Visiting China and South Korea for the first time, Warren Buffett predicted strong economic futures for both these emerging nations — and the world's most famous investor intends to get a piece of it.
"There's no question that [the Chinese] economy is booming like we haven't seen in the United States for a very, very long time — if ever," Buffett told CNBC.
The purpose of Buffett's visit was to attend the opening of an Iscar plant in Dalian, China, and to visit another Iscar factory in Daegu, South Korea.
Iscar is an Israeli company that produces metal cutting tools. Buffett bought an 80 percent stake in the firm for $4 billion in May of 2006. Until that acquisition, Berkshire Hathaway, Buffett's holding company did not own any foreign firms.
Estimating the eventual size of the Chinese market for cutting tools, Buffett said, "I don’t know how big it will be, but you have all of these companies that use [Iscar's] type of product... It would be crazy not to be here."
As he toured the Iscar factory in Dalian, Buffett remarked on the speed in which the plant was constructed and its automation of almost all functions including labor scheduling and supply chain management.
"There were almost no roadblocks of any kind," Buffett said. "The people worked hard, they got it done fast. The customers want the product and we are going to be supplying it to them."
At the Iscar plant in Daegu, South Korea, Buffett's second stop, he marveled at the cutting-edge technology of the cutting tool factory.
"What I saw in South Korea, and at the new plant that is just developing in China and what I'd earlier seen in Israel, I've never seen in 77 years of life," Buffett said.
"I have never seen a better factory operation than the Iscar people have put together in each of those places. They know as much about manufacturing as anybody I've ever seen."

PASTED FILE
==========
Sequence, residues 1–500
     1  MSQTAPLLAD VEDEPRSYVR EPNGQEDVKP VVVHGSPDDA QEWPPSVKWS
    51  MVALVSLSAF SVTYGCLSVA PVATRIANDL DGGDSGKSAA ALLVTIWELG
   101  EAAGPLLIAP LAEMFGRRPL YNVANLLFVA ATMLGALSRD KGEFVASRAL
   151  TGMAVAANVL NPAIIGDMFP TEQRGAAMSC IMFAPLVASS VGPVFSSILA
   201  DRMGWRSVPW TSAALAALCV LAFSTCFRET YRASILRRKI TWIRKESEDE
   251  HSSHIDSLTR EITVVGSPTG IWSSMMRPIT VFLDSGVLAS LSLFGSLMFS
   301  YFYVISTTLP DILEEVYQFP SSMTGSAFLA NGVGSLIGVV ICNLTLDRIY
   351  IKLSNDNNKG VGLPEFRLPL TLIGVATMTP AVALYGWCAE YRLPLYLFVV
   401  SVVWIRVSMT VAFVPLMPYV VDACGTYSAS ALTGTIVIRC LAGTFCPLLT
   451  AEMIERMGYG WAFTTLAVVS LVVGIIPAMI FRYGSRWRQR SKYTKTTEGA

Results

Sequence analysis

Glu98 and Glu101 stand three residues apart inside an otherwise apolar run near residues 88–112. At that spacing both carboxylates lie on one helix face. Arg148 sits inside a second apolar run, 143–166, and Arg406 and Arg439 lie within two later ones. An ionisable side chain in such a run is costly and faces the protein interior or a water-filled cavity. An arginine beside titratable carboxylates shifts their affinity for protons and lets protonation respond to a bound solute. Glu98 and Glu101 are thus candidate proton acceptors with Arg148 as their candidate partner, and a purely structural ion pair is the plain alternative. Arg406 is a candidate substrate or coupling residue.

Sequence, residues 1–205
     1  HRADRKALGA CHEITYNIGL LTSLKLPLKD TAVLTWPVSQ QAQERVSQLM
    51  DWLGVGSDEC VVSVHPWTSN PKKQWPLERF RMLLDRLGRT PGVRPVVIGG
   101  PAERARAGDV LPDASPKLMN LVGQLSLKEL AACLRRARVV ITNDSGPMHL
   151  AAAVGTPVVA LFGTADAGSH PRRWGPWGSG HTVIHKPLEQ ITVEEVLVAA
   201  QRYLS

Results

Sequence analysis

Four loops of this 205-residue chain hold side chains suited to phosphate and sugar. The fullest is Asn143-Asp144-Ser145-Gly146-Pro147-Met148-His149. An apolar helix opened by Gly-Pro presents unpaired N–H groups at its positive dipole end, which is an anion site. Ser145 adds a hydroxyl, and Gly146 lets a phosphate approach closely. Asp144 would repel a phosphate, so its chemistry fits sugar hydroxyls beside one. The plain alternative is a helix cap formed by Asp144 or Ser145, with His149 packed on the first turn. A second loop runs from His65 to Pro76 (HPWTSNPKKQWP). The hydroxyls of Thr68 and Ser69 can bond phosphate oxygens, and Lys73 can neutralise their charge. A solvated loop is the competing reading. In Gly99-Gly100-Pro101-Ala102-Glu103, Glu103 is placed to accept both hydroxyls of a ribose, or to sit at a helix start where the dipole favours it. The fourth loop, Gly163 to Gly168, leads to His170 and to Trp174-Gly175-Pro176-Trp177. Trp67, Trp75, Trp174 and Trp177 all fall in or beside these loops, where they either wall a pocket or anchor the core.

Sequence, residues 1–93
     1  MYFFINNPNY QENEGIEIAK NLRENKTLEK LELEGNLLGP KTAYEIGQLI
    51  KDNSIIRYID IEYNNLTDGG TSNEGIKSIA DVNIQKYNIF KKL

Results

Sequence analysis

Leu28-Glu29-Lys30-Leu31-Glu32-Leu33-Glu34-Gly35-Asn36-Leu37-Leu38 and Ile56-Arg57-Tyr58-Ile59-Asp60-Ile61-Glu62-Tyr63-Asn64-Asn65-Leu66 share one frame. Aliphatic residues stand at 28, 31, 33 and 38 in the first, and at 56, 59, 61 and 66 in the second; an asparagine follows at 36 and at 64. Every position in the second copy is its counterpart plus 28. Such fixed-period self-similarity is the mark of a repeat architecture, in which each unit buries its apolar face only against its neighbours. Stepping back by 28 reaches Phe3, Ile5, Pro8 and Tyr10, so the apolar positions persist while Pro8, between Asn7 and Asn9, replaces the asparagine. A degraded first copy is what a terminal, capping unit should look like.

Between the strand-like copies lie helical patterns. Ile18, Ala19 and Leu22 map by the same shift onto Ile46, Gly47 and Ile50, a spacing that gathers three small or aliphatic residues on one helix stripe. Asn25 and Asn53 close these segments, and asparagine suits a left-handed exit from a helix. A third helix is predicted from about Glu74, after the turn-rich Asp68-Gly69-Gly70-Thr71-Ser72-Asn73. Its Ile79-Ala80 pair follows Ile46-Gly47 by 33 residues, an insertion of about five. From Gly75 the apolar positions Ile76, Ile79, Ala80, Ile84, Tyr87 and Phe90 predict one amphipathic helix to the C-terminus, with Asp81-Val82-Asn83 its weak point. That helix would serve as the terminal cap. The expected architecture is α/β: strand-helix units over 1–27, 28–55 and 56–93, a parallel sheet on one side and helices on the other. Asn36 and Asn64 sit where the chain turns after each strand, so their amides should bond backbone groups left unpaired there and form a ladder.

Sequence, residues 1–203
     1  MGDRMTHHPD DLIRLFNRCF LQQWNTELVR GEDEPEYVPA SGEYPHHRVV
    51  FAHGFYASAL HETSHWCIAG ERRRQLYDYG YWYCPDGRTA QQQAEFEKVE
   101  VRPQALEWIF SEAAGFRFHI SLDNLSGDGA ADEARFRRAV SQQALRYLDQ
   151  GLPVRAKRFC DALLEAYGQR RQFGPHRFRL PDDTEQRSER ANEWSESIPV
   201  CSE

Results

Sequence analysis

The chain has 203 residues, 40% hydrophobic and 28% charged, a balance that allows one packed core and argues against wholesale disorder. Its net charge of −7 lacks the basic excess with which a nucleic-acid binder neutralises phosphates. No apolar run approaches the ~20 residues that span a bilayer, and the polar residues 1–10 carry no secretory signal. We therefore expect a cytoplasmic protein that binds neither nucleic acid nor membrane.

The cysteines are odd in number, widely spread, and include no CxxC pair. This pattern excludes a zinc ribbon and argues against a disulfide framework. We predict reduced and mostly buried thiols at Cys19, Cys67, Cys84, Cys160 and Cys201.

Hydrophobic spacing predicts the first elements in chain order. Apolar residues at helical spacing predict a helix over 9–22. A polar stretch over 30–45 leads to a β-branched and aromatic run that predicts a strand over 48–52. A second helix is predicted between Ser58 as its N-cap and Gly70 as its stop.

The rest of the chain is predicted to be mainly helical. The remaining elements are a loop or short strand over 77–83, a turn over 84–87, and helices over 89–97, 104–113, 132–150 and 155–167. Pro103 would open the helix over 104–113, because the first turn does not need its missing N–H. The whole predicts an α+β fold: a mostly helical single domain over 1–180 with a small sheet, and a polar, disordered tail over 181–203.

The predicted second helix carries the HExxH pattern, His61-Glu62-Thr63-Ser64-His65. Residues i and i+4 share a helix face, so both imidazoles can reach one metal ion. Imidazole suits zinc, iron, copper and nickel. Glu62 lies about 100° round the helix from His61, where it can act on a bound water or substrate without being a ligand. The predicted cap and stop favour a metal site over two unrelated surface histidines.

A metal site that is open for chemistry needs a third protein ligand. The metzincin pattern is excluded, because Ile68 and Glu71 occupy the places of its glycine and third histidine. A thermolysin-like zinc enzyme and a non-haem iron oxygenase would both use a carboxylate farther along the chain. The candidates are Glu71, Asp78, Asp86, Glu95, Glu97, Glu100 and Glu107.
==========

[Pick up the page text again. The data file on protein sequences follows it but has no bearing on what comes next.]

By several indications it seems Buffett's business ventures in Asia have just begun. The Chinese market gets "bigger by the year," he said.
"We don't sell insurance [in China]," Buffett pointed out. A foreign company "can only own 24.9 percent of an insurance company in China. [But] we're looking into selling insurance there. It's a source of real interest. We would probably have a Chinese partner."
Buffett was obviously impressed with his relatively brief visit to China and South Korea – a mere 56 hours – and this is how he summed up his impression:
"Both of those countries are on the move in an extraordinary way. And even though you read about it, particularly China, it still makes a difference when you see it."
As for investing in Chinese firms under the country's current stock market levels, Buffett said the price of their equities has risen dramatically over the past year, and he was not yet ready to move.
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